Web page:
It's not hyperbole to call the 2013 NBA draft one of the most important in Dallas Mavericks history. The team desperately wants to appease its aging superstar, Dirk Nowitzki, with another polished superstar — or two — and make another run at a championship.
That means going after the game’s two most coveted free-agents to be, Chris Paul and Dwight Howard. The Mavs want you to believe that’s a possibility. But now that Celtics coach Doc Rivers is with the Los Angeles Clippers — a move many believe has the blessing of Paul — the All-Star guard likely isn’t going anywhere.
If Howard leaves the Lakers, it's poised to be in a sign-and-trade so the Lakers get something in return. Aside from Nowitzki, there isn’t much to give the Lakers.
The Mavs’ 2011 NBA title was built on free agency, and that’s part of the reason they’re in this predicament.
Then you’re back to the draft, where the Mavs have a suspect history. The team's best draft pick in the last 15 years is Nowitzki. Actually that’s not true. The Mavs didn’t draft him in 1998. Milwaukee did. The Bucks drafted Nowitzki and then traded his rights to Dallas for the rights to Robert “Tractor” Traylor.
So, technically, the best Mavs draft pick in the last 15 years is Josh Howard. After that, you could have a long debate about No. 2. A very long debate.
Can we trust this Mavs brain trust to get it right during the NBA draft Thursday night? That seems an awful lot to ask.
This is not considered a great draft. The Mavs have the No. 13 pick, and most believe the few franchise players will be gone by then. One advantage for the Mavs if they keep the pick is that they need a good player at every position. They don’t have to match the player’s value with their needs. (Ask the Dallas Cowboys how well that works out.) But it’s hard to see the Mavs getting a guy that will score 20 points per game next season out of this pick.
So do you keep the pick or trade the pick? Trading sounds like something Jerry Jones would do. Mark Cuban and company could do it Thursday night. Trading down means you’ll get at least one more selection, but it also means you have to be adept at finding that gem of a player late in the first round.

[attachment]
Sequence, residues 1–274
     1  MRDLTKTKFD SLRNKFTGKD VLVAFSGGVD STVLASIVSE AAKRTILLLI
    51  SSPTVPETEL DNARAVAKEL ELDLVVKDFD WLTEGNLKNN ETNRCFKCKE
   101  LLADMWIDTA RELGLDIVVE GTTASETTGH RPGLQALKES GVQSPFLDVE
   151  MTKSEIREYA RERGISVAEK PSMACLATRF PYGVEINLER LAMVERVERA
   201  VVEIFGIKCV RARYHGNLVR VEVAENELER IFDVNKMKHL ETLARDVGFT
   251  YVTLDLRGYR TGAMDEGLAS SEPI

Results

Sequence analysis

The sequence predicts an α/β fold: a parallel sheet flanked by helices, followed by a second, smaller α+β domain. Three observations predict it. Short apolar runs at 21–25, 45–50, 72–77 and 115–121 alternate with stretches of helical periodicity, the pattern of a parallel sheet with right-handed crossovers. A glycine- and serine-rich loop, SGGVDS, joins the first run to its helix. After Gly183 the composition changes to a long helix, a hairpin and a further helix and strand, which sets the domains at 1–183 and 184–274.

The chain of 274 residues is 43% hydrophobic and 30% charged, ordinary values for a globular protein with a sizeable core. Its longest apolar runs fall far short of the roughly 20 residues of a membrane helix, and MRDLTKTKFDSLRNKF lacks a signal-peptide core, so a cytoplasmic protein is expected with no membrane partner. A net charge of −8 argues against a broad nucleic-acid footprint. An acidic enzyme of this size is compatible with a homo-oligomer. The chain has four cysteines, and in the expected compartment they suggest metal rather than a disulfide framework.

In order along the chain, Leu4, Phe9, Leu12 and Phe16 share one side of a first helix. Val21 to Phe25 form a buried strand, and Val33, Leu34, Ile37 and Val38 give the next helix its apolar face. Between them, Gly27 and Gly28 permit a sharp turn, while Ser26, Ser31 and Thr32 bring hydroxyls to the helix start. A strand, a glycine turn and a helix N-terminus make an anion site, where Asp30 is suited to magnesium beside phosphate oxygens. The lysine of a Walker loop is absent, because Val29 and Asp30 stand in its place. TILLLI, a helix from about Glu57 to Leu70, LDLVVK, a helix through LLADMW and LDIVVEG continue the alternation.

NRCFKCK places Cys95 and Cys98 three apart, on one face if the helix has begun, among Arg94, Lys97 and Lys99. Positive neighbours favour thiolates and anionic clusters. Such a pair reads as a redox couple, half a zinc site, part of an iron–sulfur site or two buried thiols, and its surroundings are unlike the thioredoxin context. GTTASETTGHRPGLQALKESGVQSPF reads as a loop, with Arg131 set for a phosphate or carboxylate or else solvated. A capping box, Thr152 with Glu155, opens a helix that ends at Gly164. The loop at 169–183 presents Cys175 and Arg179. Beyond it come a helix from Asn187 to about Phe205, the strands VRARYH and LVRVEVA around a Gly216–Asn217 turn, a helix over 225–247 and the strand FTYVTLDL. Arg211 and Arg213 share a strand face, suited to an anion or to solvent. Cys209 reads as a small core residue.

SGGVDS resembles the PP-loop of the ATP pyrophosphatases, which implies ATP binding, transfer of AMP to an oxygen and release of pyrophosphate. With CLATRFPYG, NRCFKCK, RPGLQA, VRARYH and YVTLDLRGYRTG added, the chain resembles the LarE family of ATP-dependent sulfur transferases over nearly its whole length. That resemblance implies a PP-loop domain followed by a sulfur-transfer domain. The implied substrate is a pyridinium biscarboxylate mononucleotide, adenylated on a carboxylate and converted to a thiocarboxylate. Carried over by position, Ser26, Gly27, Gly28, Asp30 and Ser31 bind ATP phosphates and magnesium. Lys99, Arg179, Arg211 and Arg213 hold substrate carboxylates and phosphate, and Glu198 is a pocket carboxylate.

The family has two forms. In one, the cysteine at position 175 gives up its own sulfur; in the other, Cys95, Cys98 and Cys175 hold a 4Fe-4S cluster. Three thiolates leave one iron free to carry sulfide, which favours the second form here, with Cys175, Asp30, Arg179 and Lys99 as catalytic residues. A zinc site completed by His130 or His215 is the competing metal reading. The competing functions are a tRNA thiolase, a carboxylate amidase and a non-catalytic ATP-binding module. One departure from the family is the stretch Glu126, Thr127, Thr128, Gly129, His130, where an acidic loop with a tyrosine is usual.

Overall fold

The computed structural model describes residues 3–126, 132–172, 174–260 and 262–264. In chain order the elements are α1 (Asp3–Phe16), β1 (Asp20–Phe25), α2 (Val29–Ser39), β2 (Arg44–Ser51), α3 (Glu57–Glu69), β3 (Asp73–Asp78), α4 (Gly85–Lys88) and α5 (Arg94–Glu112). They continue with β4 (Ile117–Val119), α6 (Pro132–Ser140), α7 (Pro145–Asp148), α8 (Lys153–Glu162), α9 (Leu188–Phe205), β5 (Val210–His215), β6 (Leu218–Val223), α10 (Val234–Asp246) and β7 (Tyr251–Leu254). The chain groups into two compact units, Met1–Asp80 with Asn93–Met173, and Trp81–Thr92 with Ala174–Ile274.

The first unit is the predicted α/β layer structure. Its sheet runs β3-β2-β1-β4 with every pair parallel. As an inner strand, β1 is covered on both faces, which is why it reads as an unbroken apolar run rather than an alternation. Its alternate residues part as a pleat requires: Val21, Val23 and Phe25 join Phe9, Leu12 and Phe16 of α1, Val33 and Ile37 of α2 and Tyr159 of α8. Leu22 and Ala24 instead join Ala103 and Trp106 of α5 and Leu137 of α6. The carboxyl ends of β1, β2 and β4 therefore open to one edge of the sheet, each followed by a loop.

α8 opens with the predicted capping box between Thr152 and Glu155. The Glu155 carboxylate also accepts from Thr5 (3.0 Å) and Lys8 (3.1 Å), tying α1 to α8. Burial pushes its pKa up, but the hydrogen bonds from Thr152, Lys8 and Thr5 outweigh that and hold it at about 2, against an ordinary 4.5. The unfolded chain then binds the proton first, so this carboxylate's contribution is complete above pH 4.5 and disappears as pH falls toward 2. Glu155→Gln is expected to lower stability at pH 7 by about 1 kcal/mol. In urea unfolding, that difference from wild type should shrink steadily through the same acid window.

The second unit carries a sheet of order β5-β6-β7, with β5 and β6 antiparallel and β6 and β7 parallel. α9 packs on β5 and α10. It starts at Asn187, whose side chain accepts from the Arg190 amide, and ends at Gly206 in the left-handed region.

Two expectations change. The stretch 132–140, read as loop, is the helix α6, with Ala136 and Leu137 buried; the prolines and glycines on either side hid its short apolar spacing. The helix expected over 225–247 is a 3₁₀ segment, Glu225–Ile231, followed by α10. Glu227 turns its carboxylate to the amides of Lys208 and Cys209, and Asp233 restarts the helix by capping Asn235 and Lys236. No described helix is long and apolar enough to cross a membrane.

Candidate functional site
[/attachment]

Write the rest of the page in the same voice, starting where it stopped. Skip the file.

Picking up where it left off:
The Mavericks have not shown that ability. They are not the San Antonio Spurs, who have turned late draft picks into NBA finals-level talent on multiple occasions. How good is San Antonio at drafting? Eight of the 15 players on their roster were home-grown draft picks. Four of them started game 7 against Miami.
The Mavs’ 2011 NBA title was built on free agency, and that’s part of the reason they’re in this predicament. So many of their previous draft picks either didn’t pan out or were traded away.
There once was a time the Mavs built through the draft. That was in the 1980s. In a six-year period the Mavs drafted the core of their great teams in the late 1980s, including the ones that challenged the Lakers — Mark Aguirre, Rolando Blackman, Jay Vincent, Dale Ellis, Derek Harper, Sam Perkins, Detlef Schrempf and Roy Tarpley.
The Mavs haven’t had a run like that in two decades. If they intend to return to the postseason and remain a long-term contender, they must start drafting better. And it must start Thursday night, whether it means Nowitzki stays in Dallas past 2014 or not.